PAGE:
Cervical Cage Fusion with 5 Different Implants: 250 Cases
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Anterior decompression with interbody fusion is the surgical procedure of choice in cervical spondylosis. Graft harvesting complications occuring from classical fusion procedures favoured ongoing development of cage technology. To evaluate efficiency of cage fusion for surgical treatment of discogenic cervical disorders, this six-year retrospective study analyses 250 consecutive cases treated by interbody cage fusion with 5 different implants.
Indications for fusion concerned degenerative discopathies, disc herniations and selected cases of failed surgery presenting with radiculopathy (228 cases) or myelopathy (22 cases). Screwed threaded titanium cages (149 cases), impacted squared or anatomically shaped Peek cages (59 cases), and impacted titanium cages (42 cases) were used together with local graft or bone substitute. Additional plating was indicated in 16 unstable cases.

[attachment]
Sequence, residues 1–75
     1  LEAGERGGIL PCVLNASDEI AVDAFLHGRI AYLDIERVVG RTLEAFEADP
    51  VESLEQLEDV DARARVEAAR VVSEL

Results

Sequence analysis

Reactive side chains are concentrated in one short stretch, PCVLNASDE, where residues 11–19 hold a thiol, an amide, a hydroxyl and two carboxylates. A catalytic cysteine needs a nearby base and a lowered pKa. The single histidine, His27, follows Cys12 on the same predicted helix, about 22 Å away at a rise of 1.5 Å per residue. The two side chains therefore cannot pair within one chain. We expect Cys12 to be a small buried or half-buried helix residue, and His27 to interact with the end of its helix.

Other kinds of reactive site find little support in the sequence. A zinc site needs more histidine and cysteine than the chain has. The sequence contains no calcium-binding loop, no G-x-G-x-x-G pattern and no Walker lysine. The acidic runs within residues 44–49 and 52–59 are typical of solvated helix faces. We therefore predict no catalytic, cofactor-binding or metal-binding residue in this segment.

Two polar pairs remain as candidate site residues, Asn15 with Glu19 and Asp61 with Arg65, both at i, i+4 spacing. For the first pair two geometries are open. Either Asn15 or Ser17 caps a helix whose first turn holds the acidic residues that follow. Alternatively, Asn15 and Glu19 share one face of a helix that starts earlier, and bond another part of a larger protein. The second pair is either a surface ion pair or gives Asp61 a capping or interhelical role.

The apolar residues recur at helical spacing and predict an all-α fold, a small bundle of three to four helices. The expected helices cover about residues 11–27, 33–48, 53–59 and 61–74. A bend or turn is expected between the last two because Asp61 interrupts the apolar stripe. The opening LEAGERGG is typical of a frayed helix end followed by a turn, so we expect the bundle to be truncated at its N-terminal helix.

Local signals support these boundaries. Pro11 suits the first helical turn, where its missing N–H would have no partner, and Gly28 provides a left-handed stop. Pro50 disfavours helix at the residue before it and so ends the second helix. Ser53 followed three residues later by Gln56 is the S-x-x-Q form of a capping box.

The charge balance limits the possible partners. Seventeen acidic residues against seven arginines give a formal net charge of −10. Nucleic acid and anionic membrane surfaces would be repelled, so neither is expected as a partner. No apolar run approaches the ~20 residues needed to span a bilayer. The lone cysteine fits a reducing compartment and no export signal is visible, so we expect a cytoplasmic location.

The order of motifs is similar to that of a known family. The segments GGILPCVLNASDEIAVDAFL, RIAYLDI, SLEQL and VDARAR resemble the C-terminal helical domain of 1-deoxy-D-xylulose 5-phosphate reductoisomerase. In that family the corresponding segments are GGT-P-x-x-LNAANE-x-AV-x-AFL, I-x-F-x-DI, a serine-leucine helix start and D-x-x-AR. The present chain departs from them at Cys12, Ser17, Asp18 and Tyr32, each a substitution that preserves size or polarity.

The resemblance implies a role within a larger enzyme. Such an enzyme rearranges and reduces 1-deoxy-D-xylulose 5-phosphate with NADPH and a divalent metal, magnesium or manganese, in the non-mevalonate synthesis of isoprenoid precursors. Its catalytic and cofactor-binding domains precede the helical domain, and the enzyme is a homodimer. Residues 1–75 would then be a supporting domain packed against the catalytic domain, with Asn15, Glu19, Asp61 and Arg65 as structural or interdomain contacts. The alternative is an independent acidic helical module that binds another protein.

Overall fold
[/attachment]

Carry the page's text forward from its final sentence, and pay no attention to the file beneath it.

Excellent outcome for neck pain (96%) and radiculopathy (97%) was noted, but a less favourable one for myelopathy (60%). All cases were stabilised at 1 year. Complications leading to reoperation included cage migration and subsidence, adjacent level degeneration and stenotic myelopathy.
Cage technology simplified anterior cervical interbody fusion and proved efficient. The fact there was no graft harvesting saved operating time and hospital stay.
It is not the intention of the author to indicate material preference in this article.
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